REGULATIONS AND SAFETY
BPI: What is your understanding of FDA requirements for assays and testing?
Moseley: The FDA requires the same global release criteria in terms of sterility, potency identity, and so forth as for antibodies. Assays to date have been based on the identity of the cells as stem cells, and potency assays have varied based on the indication and whether a company chooses to focus on indication potency or potency as to “stem cellness.” The same types of toxicity testing apply, although biodistribution is different and duration of the studies has been longer in some cases, making preclinical studies more costly.
BPI: What is your understanding about guidelines for operator safety?
Fong: Peripheral and cord blood banks primarily use closed cell-processing systems. A Class 10,000 room is perfectly acceptable for those types of systems. Other processes such as FACS cell isolation are not closed systems. My current understanding is that a Class 10,000 room or equivalent is probably required in addition to some
sort of biosafety cabinet for flow instruments. Obviously, a major concern is operator safety because flow sorters are not closed systems, and most of them have some level of aerosolization. As far as handling of large numbers of cells before, during, and after cell manipulation, a lot of the systems that cell therapy developers are using today have been co-opted from the blood banking industry. So suppliers need to think how they can develop more specific closed systems for all the different types of cells — stem cells, adherent cells, suspension cells — that companies will be wanting to grow for future cell therapies.
A lot of developers have become very familiar with the guidance for cord blood banking, tissue processing guidelines, and biologics manufacturing guidelines, particularly when it concerns manufacturing reagents. Take antibody-based separation methods, for example. If you look through the FDA guidelines for cell therapy, it refers back to manufacturing guidelines for therapeutic monoclonal antibodies. So in a sense, even though your antibody reagent is really part of your process for isolating your cells, manufacturing to guidelines is essentially equivalent to a therapeutical monoclonal antibody. Having said that, I believe that most regulatory agencies are flexible, and they’re looking at each IND application and cell manufacturing process case by case to determine whether the level of CGMP compliance is acceptable for that particular application. As far as I can tell, in general, FDA and EMA are trying to follow similar guidelines. One issue unique to Europe is that in addition to EMA regulations, you have national and regional regulations that can add another layer of complexity.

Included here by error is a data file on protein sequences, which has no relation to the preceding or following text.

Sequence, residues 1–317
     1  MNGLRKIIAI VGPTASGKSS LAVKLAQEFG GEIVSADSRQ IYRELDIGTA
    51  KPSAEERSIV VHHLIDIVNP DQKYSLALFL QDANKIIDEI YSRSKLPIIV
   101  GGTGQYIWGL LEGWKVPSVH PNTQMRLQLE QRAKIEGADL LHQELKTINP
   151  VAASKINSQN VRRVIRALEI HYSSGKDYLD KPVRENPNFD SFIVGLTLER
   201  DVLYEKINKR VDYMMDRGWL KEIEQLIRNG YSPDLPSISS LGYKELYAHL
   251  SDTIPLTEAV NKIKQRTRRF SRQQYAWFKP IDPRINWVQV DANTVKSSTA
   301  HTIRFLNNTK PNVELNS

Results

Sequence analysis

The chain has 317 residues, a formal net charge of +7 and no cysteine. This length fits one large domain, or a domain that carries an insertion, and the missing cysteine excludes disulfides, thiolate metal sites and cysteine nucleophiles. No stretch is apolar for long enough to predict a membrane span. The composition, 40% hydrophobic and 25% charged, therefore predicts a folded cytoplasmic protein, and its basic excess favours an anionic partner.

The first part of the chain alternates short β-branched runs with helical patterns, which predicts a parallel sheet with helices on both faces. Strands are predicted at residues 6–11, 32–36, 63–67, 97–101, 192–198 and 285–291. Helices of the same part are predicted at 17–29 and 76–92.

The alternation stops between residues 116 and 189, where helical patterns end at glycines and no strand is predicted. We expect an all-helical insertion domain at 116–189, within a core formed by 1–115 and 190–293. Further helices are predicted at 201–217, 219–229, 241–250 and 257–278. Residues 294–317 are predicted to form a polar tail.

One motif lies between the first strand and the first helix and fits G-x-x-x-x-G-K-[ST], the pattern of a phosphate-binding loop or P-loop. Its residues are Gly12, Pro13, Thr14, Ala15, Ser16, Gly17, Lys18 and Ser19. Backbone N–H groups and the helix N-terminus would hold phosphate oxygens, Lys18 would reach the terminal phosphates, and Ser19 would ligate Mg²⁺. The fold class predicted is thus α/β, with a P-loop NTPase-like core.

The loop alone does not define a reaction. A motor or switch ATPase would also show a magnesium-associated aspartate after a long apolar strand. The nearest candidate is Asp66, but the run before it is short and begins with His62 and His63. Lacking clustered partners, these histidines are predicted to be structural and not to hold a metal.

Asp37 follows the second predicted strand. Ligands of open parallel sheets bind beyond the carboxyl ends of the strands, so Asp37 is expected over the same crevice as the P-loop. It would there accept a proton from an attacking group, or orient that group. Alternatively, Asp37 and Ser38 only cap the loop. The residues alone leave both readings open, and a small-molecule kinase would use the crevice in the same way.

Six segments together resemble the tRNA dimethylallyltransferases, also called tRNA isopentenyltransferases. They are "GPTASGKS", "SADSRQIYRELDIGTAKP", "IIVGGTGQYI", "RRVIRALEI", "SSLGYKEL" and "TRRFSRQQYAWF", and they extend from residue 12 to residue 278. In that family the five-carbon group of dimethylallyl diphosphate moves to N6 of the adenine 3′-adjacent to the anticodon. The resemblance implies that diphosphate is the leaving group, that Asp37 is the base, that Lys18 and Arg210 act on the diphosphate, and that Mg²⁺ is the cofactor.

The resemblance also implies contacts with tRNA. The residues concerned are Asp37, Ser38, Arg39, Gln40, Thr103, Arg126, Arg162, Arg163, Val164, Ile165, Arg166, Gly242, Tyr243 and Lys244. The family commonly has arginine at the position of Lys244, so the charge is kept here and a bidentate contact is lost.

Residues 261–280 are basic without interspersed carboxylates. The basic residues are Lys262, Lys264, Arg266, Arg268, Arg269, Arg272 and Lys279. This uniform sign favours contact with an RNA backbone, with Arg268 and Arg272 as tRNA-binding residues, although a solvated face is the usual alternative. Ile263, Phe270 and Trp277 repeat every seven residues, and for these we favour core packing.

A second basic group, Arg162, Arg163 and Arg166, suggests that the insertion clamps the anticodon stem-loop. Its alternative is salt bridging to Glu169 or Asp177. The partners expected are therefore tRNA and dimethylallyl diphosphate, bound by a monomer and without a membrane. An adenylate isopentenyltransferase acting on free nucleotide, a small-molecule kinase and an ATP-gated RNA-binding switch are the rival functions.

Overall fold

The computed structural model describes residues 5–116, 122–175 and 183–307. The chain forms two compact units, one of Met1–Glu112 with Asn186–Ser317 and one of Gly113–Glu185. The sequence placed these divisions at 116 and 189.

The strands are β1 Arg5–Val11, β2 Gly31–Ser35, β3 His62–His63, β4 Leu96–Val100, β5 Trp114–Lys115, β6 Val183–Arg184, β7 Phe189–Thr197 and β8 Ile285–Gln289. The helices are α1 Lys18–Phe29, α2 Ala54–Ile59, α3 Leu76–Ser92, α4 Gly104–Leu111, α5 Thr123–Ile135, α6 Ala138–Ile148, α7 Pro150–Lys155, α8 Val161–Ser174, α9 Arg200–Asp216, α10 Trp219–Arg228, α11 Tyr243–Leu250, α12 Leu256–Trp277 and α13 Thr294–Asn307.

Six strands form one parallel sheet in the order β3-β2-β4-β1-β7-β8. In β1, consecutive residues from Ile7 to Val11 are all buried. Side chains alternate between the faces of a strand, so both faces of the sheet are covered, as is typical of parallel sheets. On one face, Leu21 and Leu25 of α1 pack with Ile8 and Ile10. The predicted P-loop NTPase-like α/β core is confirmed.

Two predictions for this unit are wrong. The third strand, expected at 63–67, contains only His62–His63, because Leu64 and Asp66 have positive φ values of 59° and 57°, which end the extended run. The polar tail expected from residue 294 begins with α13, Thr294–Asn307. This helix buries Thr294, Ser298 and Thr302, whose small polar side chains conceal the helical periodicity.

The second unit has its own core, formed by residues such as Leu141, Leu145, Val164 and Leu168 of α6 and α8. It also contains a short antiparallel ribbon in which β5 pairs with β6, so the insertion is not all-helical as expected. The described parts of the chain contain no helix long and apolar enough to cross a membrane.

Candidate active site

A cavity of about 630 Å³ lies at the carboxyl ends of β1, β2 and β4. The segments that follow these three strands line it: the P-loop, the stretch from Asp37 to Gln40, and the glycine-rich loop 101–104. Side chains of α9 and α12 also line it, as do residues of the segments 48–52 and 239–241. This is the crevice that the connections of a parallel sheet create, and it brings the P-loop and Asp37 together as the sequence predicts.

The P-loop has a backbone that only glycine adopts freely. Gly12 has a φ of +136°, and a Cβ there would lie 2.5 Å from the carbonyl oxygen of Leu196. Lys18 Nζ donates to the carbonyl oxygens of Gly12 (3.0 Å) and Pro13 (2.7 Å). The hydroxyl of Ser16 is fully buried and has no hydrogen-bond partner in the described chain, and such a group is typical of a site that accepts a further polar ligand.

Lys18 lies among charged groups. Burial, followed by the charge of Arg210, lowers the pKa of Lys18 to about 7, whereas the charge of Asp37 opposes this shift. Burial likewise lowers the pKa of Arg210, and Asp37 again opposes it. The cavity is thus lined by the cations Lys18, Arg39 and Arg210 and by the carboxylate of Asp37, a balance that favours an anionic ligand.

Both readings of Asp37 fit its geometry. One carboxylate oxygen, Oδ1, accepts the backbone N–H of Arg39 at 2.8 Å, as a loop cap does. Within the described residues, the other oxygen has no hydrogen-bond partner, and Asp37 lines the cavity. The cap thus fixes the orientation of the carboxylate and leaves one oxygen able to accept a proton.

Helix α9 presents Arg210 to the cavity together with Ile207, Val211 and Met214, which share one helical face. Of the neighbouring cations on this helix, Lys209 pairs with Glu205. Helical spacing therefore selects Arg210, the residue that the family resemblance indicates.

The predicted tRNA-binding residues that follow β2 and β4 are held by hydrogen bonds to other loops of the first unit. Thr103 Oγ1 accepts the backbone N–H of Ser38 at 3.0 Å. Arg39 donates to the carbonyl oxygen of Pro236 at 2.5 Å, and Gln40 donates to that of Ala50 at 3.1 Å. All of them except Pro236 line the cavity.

BPI: Cryopreservation is an important processing step for some cell therapies. What techniques are currently used?
Mathew: Techniques are usually separated between the standard cryopreservation methods (used by most) of traditional ice management home-brew freeze cocktails or the newer class of intracellular like complex formulations; and then to a lesser degree vitrification. Certainly, controlled-rate freezers have allowed programming and greater manipulation of freezing rates throughout a cryopreservation protocol, but even isopropanol freezing containers have made it easier for folks to have more consistency in their cryopreservation protocol.
BPI: What tests are used to ensure cells are viable after cryopreservation?
Mathew: All biologics are normally maintained under normothermic conditions either within the body or as part of cell culture conditions. However, once cells are removed from normothermic conditions, changes occur in their metabolism and cellular integrity. If these changes are reversible, then cells can recover appropriately upon return to normal conditions. If the stresses of these changes build up too much, the cell is negatively influenced to undergo active pathways of breakdown (such as apoptosis) or passive pathways of breakdown (such as necrosis).
Tests used to ensure viability (and/or functionality) are varied and debatable regarding appropriateness. For cell therapy, viability is often assessed immediately postthaw by simple live/dead assays that may not indicate the true, long-term viability of the cells due to the phenomenon of preservation-induced, delayed-onset cell death.
During cell therapy product characterization and manufacture, it would behoove a manufacturer to validate the efficacy of its preservation methods with multiple viability, potency/functionality, and stability assays. For broad application to many cell types, you can use tests such as live/dead assays that can be assessed with a fluorescent plate reader or flow cytometer. Metabolic assays and membrane integrity tests are another method of assessing cell health. Furthermore, analysis of the “-omics” (e.g., genomics, proteomics, metabolomics) allows for in-depth characterization of a cell product. And these assessments should be performed on the cell product at multiple stages in the stability intervals to better understand the limitations of the overall system of manufacturing, banking, and/or transport, and clinical delivery application. An optimized biopreservation system would allow clinical and commercial development of cell and tissue products with the greatest clinical efficacy, lowest manufacturing costs, and greatest stability to enable worldwide distribution.